in Victoria and Kelowna. By 2009, BC Transit will also have the world's largest fleet of buses powered by hydrogen fuel cells, with 20 buses scheduled for delivery and testing.
Action #7: The government is investing over $10 million
to buy more than 80 new clean-energy school buses throughout the province. Existing school buses are being retrofitted with
new clean diesel technology. See Diesel School Bus Retrofit Program.
Action #8: The government is expanding AirCare ON-ROAD to cover more communities and regions, and to test heavy-duty
vehicles in high traffic areas. AirCare
ON-ROAD (heavy-duty vehicles) and AirCare (light-duty vehicles) are vehicle inspection-and maintenance-programs aimed at reducing air-polluting emissions in
the Lower Fraser Valley. AirCare will continue to monitor carbon monoxide, volatile organic compounds and nitrogen oxides, and will now monitor add carbon dioxide.
Action #9: The government is taking action to stop big diesels from idling. B.C. is working with neighbouring jurisdictions to create electrified truck stops. To maintain power
for their refrigeration units and other systems at truck stops, tractor trailers will simply "plug in" to these electrical outlets, instead of having to keep their engines running.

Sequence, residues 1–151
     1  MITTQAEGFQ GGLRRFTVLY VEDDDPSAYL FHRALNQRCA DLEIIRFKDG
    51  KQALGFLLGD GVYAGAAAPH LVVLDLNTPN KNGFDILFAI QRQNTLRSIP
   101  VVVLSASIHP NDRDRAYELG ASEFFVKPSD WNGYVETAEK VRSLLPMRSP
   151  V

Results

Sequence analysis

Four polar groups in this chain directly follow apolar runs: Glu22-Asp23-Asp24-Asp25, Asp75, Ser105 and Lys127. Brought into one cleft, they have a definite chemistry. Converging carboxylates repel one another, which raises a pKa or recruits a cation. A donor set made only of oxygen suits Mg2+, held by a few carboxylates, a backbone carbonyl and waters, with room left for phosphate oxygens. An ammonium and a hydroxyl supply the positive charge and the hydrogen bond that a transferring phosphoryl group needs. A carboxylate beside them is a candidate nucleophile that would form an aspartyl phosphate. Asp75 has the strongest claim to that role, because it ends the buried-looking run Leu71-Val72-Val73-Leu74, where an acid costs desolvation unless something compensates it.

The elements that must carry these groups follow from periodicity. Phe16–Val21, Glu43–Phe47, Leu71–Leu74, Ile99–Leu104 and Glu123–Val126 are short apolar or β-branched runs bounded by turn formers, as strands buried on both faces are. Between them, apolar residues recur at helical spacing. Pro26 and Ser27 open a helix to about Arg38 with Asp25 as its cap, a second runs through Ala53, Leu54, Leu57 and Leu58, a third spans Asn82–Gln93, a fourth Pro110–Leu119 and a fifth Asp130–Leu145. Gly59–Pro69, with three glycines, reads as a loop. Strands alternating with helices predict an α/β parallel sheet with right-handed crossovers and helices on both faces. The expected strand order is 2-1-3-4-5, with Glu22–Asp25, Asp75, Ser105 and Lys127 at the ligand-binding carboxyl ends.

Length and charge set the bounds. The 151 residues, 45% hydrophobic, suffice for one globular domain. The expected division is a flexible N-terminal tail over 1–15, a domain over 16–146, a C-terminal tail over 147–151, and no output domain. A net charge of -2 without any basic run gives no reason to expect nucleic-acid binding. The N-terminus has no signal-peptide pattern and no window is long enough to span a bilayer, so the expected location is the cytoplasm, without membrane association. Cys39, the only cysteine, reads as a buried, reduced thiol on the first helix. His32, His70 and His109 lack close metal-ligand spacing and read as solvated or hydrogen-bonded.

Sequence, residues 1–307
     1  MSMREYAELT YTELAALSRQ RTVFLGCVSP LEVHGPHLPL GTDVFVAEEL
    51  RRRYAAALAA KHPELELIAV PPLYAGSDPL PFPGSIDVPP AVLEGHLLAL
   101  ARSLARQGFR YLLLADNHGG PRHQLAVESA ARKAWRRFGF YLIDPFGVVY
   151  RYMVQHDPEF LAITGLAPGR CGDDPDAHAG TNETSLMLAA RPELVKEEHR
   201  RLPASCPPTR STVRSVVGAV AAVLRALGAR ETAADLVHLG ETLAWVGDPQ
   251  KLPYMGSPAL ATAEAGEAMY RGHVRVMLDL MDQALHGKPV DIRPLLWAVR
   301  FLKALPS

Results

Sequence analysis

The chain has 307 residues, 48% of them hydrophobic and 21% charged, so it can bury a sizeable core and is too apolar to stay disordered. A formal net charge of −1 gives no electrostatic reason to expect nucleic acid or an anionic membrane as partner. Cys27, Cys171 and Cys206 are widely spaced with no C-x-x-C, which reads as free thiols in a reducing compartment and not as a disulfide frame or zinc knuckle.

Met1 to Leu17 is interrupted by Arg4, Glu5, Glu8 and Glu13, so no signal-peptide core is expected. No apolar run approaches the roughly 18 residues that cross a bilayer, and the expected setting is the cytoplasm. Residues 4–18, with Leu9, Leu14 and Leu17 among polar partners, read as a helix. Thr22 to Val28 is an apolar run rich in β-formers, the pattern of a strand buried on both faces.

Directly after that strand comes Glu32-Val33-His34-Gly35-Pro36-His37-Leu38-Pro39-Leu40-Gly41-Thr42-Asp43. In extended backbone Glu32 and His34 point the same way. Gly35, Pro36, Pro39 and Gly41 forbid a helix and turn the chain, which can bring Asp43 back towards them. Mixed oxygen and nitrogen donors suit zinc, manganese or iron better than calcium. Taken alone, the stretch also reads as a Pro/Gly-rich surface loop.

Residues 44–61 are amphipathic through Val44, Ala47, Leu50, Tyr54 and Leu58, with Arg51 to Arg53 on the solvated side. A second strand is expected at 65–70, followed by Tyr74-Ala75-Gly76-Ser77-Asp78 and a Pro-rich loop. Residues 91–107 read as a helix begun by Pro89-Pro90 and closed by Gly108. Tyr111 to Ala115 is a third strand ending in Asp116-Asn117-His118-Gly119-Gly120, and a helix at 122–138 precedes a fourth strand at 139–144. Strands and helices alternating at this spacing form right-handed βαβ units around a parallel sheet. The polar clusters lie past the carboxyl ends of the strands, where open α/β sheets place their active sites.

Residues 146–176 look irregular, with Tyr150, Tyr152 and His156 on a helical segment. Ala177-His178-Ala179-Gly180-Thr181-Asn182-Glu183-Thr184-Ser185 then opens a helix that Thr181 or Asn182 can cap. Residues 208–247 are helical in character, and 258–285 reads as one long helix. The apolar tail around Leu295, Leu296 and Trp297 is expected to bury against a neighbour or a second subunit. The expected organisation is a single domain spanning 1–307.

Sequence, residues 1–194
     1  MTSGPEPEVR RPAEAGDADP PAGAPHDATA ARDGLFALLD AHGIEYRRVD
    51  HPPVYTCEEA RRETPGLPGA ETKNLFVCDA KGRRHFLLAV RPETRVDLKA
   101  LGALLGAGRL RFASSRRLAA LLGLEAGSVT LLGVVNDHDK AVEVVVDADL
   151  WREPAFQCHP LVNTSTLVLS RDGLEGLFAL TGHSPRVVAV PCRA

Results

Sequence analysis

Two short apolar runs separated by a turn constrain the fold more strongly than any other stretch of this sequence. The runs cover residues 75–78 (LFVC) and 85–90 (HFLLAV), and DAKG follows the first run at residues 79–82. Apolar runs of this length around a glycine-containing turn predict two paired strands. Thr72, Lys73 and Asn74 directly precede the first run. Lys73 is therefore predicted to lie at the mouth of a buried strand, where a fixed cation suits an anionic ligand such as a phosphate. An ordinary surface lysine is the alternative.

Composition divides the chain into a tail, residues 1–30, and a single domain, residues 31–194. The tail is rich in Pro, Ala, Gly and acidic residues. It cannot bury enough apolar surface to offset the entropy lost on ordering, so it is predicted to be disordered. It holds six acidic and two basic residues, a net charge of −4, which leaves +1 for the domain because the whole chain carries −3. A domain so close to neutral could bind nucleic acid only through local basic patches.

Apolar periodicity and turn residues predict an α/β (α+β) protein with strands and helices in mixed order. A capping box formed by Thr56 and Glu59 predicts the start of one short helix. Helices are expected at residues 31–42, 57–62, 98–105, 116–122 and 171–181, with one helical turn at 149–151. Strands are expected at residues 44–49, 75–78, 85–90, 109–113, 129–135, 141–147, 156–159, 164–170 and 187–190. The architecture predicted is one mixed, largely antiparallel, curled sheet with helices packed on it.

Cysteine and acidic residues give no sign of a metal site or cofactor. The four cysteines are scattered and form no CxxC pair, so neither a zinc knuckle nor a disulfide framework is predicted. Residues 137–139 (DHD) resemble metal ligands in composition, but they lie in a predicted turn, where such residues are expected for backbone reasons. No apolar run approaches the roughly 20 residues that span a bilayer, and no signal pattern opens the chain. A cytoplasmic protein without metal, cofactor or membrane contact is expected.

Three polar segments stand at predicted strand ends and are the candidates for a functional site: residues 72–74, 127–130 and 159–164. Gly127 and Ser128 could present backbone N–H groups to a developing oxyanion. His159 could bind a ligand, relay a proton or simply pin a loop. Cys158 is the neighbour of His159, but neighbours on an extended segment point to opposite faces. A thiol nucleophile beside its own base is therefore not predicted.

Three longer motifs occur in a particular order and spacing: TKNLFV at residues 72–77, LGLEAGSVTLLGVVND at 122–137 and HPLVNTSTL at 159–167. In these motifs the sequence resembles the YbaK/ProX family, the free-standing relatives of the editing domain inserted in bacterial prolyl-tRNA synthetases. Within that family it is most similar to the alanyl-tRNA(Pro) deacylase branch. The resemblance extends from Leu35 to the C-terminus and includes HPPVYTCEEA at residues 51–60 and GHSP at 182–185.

Action #10: The government is greening B.C.’s vehicle fleets by investing 2.5 million over three years on the Green Fleets BC
Green Fleets B.C. will be a key information hub for the latest on green technologies for private and public
sector fleets, including taxis, emergency vehicles, delivery vans and commercial freight trucks.
The program has already identified
smog-reduction opportunities that could have an impact equivalent to taking 50,000 cars
off the road.
Action #11: The government will use biodiesel fuel in its diesel vehicles. Biodiesel is a renewable
fuel made from plant or animal-based fats and oils.
Action #12: The B.C. government is buying green. Environmentally responsible strategies are being incorporated into the government’s policies on vehicle fleets, buildings